Monday, July 30, 2007


On July 17th, I read some of my poetry to a small but wonderful group in Appleton, Wisconsin, and then began wending my way Northward on my faithful Harley-Davidson, Rozinante, a good little horse.

It has taken me a while to begin to understand my journey, and since it was not planned, I cannot say it did or did not meet my expectations. My route took me near the home of a friend I had not seen for over 40 years, and with some trepidation, I stopped to visit her. I don't know what I was worried about, since we had a good visit - talked very little of old times - but more about who we are now. Very interesting. I knew that her brothers, with whom I had been close, were buried somewhere nearby, in a Native American cemetery, and she gave me directions to it, so I could pay my respects on my way through. I bought some tobacco to sprinkle on their graves, which I did in my own not-so-knowledgeable but heartfelt ceremony.

Onward to True North, as best we in the Lower 48 can understand it, the Keweenaw peninsula of Michigan. The U.P. of the U.P. A good visit with friends Jikiwe, (potter extraordinaire, co-editor of the magnificent Cliffs "Soundings", and leader of the Vertin Gallery, one of the best I've seen anywhere, and to find it this far off the beat is simply amazing), and Splake, (Graybeard Cliffs Dancer, Chairman of the Bards, Editor-in-Chief, Angler-in-Chief, and poet's poet), lots of talk of spirits, good and evil, copper country history, then and now, mountain lions, tiger trout.

A visit to the fabled Cliffs - rocky spine of rock-ribbed peninsula, and site of the beginning of the Great Copper Boom of the Keweenaw, site of abandoned mining operations, site of spirits' homes, spirits pulled from Mother Earth and still at the surface. Spirits palpable to any but the inert. And, site of Splake's Poet-Tree, to which he guides kindred souls, and to which he attaches poems and other prayers for the winds and weathers to distribute as necessary.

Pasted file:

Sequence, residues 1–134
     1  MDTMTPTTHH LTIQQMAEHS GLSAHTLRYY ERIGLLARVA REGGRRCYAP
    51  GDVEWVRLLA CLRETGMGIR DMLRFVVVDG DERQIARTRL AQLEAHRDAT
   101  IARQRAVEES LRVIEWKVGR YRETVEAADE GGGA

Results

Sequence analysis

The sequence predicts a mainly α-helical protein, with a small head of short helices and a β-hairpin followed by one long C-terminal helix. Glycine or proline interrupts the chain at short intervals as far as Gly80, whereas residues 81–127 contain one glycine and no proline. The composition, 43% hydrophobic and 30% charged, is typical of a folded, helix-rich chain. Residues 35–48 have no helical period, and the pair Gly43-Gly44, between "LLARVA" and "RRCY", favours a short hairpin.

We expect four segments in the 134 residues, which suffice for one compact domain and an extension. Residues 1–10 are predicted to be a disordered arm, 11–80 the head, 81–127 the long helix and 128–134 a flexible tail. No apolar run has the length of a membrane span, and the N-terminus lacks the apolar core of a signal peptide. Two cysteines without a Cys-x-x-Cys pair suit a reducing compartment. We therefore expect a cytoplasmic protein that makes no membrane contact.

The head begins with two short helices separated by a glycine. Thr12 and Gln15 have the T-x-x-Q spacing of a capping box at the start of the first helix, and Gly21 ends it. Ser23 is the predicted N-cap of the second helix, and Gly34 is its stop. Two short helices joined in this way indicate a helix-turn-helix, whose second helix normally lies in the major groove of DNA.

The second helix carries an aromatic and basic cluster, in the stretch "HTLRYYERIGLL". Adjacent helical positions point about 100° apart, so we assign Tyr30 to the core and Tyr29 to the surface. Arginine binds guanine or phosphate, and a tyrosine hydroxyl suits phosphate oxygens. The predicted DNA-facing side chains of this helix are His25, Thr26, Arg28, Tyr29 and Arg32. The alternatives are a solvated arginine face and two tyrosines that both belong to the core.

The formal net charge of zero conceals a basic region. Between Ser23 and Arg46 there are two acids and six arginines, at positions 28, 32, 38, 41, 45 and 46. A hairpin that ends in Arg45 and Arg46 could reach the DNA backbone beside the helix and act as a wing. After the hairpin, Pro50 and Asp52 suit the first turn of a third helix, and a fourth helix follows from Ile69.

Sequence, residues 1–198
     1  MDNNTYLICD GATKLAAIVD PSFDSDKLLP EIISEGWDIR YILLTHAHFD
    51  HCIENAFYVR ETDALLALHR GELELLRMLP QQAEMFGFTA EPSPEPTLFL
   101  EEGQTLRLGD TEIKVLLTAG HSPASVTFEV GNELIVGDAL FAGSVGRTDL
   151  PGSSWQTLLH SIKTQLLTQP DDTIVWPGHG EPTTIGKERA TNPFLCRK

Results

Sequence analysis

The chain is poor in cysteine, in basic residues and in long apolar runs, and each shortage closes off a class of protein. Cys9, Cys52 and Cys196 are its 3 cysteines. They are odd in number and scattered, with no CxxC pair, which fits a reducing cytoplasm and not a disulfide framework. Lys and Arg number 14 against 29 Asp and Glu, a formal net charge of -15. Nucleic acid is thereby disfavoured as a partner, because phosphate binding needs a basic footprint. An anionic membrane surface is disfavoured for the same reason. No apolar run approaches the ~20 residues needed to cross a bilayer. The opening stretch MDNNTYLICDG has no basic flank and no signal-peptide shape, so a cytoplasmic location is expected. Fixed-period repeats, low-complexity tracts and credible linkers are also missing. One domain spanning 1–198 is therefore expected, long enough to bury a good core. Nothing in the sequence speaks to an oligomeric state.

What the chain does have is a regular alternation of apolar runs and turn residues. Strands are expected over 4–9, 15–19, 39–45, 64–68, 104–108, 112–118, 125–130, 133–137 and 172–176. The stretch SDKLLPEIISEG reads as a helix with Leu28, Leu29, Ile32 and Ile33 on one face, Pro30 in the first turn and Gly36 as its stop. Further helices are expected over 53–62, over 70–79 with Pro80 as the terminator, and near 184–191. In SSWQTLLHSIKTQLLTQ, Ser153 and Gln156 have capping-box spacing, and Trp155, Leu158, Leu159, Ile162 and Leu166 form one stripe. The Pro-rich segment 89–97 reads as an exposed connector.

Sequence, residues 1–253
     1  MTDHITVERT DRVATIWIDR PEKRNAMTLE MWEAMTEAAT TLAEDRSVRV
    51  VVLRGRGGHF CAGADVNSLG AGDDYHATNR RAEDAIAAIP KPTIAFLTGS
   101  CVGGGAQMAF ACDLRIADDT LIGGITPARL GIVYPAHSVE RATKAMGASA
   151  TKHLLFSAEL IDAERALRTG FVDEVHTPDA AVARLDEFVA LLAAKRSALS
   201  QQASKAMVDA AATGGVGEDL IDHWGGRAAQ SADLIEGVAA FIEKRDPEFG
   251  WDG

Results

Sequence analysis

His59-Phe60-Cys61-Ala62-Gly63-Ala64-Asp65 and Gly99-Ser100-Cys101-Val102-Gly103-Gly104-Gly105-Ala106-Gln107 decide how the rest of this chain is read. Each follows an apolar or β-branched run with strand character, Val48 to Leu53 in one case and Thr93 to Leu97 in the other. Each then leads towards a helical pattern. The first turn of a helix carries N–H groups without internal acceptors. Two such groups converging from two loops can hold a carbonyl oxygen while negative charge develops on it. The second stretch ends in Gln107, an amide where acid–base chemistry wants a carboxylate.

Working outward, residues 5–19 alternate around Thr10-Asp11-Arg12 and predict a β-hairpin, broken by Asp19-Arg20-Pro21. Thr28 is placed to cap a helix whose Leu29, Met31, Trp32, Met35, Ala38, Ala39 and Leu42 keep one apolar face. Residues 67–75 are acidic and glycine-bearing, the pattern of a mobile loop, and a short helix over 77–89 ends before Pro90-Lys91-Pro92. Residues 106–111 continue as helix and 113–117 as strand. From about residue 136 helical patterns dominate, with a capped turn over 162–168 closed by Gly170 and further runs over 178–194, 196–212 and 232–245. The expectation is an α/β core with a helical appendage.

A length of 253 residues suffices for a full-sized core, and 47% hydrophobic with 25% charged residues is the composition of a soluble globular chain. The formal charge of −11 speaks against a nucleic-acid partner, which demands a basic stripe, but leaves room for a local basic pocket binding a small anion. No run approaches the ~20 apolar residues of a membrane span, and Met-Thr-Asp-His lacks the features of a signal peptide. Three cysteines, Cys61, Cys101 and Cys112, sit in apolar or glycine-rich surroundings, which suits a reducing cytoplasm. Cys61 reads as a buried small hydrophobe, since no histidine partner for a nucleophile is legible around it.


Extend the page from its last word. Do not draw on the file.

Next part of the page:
I took the above picture of Splake at The Cliffs and had thought to take pictures of the poet-tree and other strange and wonderful stuff, but my camera ceased its workings, probably because of some electronic glitch, but possibly because of phenomena which would rather not be photographed. Without any pre-communication on the subject, Splake sprinkled tobacco around the tree before we left. Hmmm. Interesting, but not surprising.

Back at the gallery, I told Jikiwe of my intended, and arcane, plan to travel to Marquette via a little-known route of backroads and pack-trails. Well, he said, if you're going that way, I believe you should stop at a very old and traditional native cemetery that's almost right on the way. I did. Now, the purpose of my journey was coming a little more clear. A sandy knoll. A grove of ancient pines. Spirit houses on most of the graves. If you can go to this place and not be aware of spirits, you are deader than the inhabitants. Camera again refusing to try to record any of this, I leaned one hand on a towering pine, from the top of which, I SWEAR, a rattling noise and vibration emanated. I removed my hand, and the noise stopped. Put my hand back on the tree and the noise and vibration began again. I didn't lean on any more trees, but sprinkled tobacco on most of the graves, prayed to every deity I'm on speaking terms with, and pointed Rozinante up the trail.

My camera worked fine when I got to Marquette.

- Ralph Murre


tom said...

good photo of splake

glad you made it up the old north american road to the cliffs

i work up at the Fort in the Harbor and drive cliff drive 5 days a week

to say the least

tom (the other poet in the Vertin)

Sharon Auberle said...


what a beautiful journey, and photo. thanks for sharing it with us.